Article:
Tuesday 20th August 2019
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Australian health insurer nib Holdings will review its risk and culture in New Zealand as trans-Tasman financial services come to grips with the regulatory crackdown on the sector.
Nib New Zealand will carry out the review in the 2020 financial year in response to the joint Reserve Bank-Financial Markets Authority report into life insurers. It found a range of unacceptable conduct among those firms and placed a firm emphasis on the use of soft commissions, such as overseas junkets.
Health and general insurers weren’t tarred with the same brush, although the regulators expressed their expectation that they would also assess their conduct and culture frameworks and consider and act on all the relevant recommendations.
“In New Zealand, we’ve closely reviewed the findings of the Financial Markets Authority and Reserve Bank of New Zealand’s review into life insurance conduct and culture, including assessing our own practices to see if we can do better,” nib Holdings said in its 2019 sustainability report.
That focus on conduct has spanned both sides of the Tasman given Australia’s royal commission into financial services spurred on the local reviews. Nib said it’s aware of best practice and is working collaboratively with regulators.
The group noted eight breaches of its code of conduct in the June 2019 year, compared to none in 2018.
The FMA and RBNZ report found large upfront commissions were common among life insurers, ranging from between 170-210 percent of the first year of annual premium, which it said weren’t acceptable and drove poor conduct.
Nib New Zealand’s acquisition costs rose to A$36.6 million in the year ended June 30 from A$34.9 million a year earlier, and deferred acquisition costs increased to A$25.5 million from A$23.1 million.
The local unit lifted premium revenue 6.9 percent to NZ$229.6 million, although its underwriting earnings fell to NZ$23.3 million from NZ$27.4 million due to the insurer paying out more in claims.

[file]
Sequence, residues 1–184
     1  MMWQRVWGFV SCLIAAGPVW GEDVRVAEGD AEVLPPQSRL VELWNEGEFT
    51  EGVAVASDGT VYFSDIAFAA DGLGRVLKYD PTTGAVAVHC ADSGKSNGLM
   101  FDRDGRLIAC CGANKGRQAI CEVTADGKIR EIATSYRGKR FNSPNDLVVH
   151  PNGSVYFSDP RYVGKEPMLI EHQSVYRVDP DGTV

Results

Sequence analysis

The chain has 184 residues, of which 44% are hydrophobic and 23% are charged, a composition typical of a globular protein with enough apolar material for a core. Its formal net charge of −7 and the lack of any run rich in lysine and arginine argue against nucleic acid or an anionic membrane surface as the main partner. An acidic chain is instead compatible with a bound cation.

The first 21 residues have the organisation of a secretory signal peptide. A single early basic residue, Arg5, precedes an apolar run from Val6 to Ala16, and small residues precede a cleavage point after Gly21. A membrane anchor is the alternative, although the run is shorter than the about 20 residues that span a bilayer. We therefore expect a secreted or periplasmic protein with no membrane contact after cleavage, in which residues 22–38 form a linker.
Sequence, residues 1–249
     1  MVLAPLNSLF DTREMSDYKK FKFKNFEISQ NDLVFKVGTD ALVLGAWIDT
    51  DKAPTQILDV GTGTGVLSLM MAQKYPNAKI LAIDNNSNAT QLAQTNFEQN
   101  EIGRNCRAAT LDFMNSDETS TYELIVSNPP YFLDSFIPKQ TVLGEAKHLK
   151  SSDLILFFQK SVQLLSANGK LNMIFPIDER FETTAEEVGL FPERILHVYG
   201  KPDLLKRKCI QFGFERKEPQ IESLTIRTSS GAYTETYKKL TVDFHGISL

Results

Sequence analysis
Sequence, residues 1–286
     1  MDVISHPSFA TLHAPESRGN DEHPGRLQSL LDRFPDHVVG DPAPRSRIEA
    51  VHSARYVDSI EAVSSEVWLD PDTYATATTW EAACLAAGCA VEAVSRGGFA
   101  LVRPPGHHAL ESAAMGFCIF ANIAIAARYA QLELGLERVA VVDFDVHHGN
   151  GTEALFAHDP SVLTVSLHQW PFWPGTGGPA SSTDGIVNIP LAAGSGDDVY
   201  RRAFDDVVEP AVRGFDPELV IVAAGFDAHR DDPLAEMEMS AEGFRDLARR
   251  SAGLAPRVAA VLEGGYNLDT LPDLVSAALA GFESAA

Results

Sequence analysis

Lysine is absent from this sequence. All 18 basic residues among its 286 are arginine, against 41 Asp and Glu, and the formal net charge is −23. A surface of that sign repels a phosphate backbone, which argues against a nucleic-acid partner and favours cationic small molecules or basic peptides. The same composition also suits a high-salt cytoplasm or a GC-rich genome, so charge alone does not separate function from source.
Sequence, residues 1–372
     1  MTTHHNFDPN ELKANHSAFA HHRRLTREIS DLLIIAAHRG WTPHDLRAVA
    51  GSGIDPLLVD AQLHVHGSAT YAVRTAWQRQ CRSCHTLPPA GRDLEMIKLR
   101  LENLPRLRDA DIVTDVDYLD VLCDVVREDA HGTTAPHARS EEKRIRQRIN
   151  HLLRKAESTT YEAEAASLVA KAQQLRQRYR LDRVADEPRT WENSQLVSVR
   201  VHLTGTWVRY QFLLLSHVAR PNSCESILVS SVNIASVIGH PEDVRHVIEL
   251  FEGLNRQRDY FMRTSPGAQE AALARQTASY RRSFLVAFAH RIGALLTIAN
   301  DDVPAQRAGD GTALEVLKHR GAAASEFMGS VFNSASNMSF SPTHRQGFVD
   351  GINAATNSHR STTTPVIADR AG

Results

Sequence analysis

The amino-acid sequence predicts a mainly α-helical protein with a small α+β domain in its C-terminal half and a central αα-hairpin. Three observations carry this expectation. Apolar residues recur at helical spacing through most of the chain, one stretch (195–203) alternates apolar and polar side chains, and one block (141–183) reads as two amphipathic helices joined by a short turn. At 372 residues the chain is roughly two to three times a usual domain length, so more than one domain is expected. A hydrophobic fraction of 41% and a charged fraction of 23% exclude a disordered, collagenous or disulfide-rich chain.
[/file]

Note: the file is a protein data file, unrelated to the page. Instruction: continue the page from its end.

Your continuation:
Nib NZ increased its number of policyholders by 7.2 percent to 110,121, covering 213,061 people.
Health Funds Association of New Zealand figures show 1.4 million people were covered by health insurance as at March 31, up 1.2 percent from a year earlier. Premium revenue rose 9.1 percent to $1.59 billion and claims paid were up 9.5 percent at $1.32 billion.
Nib NZ chair Tony Ryall, a former Health Minister, said the rising cost of healthcare in New Zealand meant health insurance was needed to play a bigger role in supporting the national system.
“It’s an inconvenient truth, but the reality is we’re simply running out of working-age taxpayers to fund our nation’s more than $16 billion annual healthcare costs, with government footing almost 80 percent of the bill,” he said.
David Clark, the current Health Minister, is awaiting an interim report on the health and disability system due at the end of this month. A final report is due in March.
The wide-ranging review will canvass how to improve funding arrangements, and while private health insurance is outside its scope, it can consider its interaction with demographic drivers of healthcare.
Nib NZ said its programme with Ngati Whatua Orakei had attracted 3,331 of the iwi’s members to sign up to the health cover. The insurer said it’s investigating several other population health initiatives focused on mental health and weight loss programmes.
The insurer expects to invest further and grow its cover of Maori.
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